bridge's designer and architect, Amasa Stone, is buried
several miles away from the disaster, at Lakeview
Cemetery in Cleveland Heights.
ostentatious marker is similar to the mass grave marker
at Maple Grove.
closeup of the inscription on Amasa Stones's marker. His
date of death, as it appears on the tombstone, is
actually seven years after the disaster.
inscription further reads:
memory of the just is blessed."
Halloween 2002 feature,
Cleveland Digital City discusses additional ghost
legends associated with the Chestnut Grove Cemetery.
Lisa Galloway writes, "Reports of wraiths near here are
many… witnesses mention families dressed in period dress --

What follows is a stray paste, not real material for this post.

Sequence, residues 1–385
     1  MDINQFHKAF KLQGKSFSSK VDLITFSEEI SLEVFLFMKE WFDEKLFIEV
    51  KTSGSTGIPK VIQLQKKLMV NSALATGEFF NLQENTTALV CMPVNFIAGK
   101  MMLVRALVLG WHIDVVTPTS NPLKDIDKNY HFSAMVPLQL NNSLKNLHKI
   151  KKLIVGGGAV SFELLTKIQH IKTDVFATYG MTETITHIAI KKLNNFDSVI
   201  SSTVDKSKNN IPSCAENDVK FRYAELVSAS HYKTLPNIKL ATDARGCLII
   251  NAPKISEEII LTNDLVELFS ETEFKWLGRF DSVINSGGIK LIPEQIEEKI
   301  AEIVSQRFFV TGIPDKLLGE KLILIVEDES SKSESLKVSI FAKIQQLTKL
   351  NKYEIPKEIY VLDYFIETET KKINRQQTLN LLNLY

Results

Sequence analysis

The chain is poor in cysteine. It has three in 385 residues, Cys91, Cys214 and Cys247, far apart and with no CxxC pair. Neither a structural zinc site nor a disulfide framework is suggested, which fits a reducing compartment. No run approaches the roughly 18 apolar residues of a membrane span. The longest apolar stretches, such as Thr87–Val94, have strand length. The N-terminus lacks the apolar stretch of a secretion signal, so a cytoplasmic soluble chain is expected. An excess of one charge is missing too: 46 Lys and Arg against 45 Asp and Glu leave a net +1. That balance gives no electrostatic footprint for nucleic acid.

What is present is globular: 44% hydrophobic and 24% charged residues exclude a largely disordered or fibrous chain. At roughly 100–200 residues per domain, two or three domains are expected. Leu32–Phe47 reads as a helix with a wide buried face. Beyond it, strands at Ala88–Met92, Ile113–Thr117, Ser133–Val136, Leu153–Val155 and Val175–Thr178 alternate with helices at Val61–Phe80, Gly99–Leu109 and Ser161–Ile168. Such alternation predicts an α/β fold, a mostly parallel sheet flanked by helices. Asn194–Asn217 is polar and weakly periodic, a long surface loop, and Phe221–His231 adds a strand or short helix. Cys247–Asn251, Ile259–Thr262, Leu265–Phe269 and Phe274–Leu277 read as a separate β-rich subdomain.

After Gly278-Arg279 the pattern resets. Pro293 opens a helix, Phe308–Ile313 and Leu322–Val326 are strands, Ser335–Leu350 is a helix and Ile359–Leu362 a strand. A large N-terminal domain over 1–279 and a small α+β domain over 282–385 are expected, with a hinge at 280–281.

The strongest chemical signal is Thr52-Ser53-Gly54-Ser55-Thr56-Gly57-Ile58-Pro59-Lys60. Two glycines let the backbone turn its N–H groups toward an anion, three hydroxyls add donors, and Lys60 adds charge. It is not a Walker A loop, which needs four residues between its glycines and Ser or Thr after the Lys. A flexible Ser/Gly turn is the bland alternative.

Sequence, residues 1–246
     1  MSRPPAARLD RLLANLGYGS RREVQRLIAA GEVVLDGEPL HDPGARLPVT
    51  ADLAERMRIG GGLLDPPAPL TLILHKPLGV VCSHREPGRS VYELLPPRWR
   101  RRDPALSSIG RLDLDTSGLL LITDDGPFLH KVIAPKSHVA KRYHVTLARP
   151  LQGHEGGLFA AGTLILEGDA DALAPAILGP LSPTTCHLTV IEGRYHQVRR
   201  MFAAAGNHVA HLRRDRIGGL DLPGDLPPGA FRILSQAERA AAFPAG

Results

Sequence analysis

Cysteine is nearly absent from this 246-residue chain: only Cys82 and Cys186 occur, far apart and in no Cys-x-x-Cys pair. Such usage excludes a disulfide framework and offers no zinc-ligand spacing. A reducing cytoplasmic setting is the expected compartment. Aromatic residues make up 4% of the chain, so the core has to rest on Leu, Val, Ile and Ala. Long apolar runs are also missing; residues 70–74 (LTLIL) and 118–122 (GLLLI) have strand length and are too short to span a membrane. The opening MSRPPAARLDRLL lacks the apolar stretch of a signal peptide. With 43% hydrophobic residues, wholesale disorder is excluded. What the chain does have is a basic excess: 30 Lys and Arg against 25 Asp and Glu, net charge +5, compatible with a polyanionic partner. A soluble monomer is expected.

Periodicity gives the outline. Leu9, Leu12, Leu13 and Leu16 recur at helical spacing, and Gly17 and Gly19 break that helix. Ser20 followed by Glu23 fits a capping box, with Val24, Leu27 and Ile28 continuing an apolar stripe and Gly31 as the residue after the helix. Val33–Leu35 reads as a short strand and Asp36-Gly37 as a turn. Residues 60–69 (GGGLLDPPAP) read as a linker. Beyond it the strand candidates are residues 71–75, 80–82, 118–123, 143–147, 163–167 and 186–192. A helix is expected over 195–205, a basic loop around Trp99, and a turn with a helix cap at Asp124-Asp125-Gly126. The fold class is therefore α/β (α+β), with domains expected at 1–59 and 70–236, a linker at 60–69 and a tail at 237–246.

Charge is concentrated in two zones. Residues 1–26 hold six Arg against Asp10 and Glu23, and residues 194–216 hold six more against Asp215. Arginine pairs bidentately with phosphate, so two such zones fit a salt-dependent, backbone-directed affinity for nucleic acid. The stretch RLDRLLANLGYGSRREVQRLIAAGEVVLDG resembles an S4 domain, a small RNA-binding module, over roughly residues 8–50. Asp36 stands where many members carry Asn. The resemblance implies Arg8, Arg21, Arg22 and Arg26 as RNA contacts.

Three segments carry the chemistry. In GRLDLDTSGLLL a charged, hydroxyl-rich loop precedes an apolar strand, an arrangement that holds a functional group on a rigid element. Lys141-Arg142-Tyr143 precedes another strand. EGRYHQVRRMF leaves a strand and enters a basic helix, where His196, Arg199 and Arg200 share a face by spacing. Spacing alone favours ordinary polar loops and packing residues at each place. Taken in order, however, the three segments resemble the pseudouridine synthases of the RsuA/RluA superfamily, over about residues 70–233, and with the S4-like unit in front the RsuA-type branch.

always warm winter clothes -- wandering together, often
carrying carpetbags and baskets. Screams are heard late at
night, many visitors say a charred odor pervades the grounds
and near Collins' crypt a man can be seen weeping bitterly,
crying out over and over, I'm sorry. I'm so very sorry.'"
her sources, Ms. Galloway cites Dead Ohio <applause> and
Railroad Extra, a great website dedicated to U.S.
railroad history and folklore. Since Dead Ohio
certainly did not report of such ghostly happenings, we
checked out Railroad Extra. We could not find anything
specific on that site regarding the cemetery hauntings Ms.
Galloway writes about in her article (or any other hauntings
related to this grim event). So, if anyone can
substantiate those tales, please write us and share your
The Bottom of the Bridge
Below, a great shot of the
Ashtabula Bridge looking south, as taken in the summer 2002 by
Fast-Freight, a railroad engineer.
Here's a photo of a fascinating find by
Fast-Freight--An old rail. Although not yet
confirmed, it could be a piece of the original rail
from the accident.